HISTORY OF COA
The Commision on Audit (COA) has been a long-standing institution in the Philippines. Its roots date back to the Spanish Era of the Philippines where the books of accounts of our country are being audited by representatives of the Spanish crown. During the American colonial period, a similar function was done by the Office of the Auditor of the Philippine Islands, as established by then President William Mckinley. Later on, the 1936 Constitution of the Philippines established the General Auditing Office or GAO to perform the audit function of the Government. During 1972, GAO, under Martial Law, was renamed to become the Commission on Audit (COA). The biggest change in the audit function of the government was the change from a single Auditor General, to a three-man collegial Commission on Audit. Years later, the EDSA Revolution ensued. This signaled the move of our country from a dictatorship to the establishment of a democratic country. This also signaled the move of the Commission on Audit to a new government.
Under the 1987 Constitution of the Philippines, Section 1 (1), Article IX-D provides that the Commision on Audit should be composed of:
- a Chairman and
- Two Commissioners, who:
- shall be natural-born citizens of the Philippines and,
- at the time of their appointment:
- at least thirty-five years of age;
- certified public accountants with not less than ten years of auditing experience, or members of the Philippine Bar who have been engaged in the practice of law for at least ten years, and;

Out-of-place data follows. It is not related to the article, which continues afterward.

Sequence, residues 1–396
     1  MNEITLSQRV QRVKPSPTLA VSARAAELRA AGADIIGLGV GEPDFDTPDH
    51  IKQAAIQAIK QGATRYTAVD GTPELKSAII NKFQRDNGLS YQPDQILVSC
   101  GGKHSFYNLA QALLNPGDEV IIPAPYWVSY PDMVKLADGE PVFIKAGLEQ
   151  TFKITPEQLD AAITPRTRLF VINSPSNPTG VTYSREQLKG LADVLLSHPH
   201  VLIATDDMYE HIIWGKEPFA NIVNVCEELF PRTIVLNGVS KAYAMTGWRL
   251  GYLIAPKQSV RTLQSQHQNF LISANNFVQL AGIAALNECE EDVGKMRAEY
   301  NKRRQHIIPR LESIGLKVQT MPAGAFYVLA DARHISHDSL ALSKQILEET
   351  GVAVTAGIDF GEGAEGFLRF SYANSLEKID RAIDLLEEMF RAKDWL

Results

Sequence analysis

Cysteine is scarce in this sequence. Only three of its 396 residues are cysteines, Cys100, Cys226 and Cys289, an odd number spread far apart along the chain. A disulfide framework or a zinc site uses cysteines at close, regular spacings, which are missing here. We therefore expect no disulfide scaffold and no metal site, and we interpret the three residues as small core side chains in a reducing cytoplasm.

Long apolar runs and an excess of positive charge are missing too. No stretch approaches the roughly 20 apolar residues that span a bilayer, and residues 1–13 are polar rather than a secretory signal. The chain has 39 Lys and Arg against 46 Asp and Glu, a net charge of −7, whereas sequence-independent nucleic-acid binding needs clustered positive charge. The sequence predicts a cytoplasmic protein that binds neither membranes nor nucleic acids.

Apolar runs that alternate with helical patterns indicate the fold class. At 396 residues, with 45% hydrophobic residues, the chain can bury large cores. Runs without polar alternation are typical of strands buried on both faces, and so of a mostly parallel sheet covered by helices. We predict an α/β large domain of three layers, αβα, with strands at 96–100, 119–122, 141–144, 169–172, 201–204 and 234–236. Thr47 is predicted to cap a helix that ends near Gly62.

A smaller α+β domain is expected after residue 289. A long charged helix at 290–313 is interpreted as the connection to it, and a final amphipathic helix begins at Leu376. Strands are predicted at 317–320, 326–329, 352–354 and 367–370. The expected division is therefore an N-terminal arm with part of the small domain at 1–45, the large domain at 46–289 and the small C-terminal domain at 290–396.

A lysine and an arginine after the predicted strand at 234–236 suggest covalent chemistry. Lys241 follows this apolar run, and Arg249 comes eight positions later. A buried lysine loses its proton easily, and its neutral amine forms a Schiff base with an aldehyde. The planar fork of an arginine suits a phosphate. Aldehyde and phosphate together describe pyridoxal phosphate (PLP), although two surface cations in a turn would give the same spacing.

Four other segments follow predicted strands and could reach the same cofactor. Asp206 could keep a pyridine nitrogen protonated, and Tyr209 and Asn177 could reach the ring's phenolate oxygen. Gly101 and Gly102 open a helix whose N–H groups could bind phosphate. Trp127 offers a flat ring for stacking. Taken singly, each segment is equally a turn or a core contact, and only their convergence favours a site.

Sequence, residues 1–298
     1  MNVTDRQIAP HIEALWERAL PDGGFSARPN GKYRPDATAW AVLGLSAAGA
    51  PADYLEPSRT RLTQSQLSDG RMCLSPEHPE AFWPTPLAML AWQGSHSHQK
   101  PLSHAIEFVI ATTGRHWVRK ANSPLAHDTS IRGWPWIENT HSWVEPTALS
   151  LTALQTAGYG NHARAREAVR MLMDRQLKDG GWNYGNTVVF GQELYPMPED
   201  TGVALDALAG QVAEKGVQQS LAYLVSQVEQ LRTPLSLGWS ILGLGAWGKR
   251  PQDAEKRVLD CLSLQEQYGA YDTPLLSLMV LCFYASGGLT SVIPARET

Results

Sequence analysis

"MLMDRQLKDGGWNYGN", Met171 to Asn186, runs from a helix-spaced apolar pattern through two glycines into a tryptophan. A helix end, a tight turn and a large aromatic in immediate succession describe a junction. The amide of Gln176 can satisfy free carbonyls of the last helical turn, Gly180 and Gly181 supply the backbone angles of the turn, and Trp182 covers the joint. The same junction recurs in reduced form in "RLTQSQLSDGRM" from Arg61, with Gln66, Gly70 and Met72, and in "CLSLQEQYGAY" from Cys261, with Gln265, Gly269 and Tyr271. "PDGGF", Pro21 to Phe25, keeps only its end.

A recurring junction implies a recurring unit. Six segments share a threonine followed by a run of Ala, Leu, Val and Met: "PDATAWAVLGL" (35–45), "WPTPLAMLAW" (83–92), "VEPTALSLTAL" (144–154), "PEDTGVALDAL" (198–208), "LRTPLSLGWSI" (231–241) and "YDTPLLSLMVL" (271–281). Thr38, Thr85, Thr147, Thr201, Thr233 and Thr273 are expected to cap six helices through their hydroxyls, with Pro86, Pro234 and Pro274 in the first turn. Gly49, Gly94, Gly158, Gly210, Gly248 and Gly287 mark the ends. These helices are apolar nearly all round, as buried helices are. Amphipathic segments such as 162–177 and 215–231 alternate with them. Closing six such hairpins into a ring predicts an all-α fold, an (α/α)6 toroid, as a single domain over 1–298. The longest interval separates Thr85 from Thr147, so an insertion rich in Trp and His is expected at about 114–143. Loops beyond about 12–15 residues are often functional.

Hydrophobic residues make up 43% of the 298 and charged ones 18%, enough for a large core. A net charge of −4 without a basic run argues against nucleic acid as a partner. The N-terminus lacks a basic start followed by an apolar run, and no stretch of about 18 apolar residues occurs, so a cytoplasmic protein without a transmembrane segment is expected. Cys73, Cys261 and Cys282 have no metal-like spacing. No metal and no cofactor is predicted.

- must not have been candidates for any elective position in the elections immediately preceding their appointment.
At no time shall all Members of the Commission belong to the same profession.
Under the 1987 Constitution of the Philippines, Section 1 (2), Article IX-D provides the following in relation to the term of the officers of COA:
“The Chairman and the Commissioners shall be appointed by the President with the consent of the Commission on Appointments for a term of seven years without reappointment.
Of those first appointed, the Chairman shall hold office for seven years, one Commissioner for five years, and the other Commissioner for three years, without reappointment. Appointment to any vacancy shall be only for the unexpired portion of the term of the predecessor.
In no case shall any Member be appointed or designated in a temporary or acting capacity.”
POWERS of COA
Under the 1987 Constitution of the Philippines, Section 2 (1) and (2), Article IX-D provides the following in relation to the powers of COA:
The Commission on Audit shall have the power, authority, and duty to examine, audit, and settle all accounts pertaining to the revenue and receipts of, and expenditures or uses of funds and property, owned or held in trust by, or pertaining to, the Government, or any of its subdivisions, agencies, or instrumentalities, including government-owned or controlled corporations with original charters, and on a post-audit basis:
- constitutional bodies, commissions and offices that have been granted fiscal autonomy under this Constitution;
- autonomous state colleges and universities;
- other government-owned or controlled corporations and their subsidiaries; and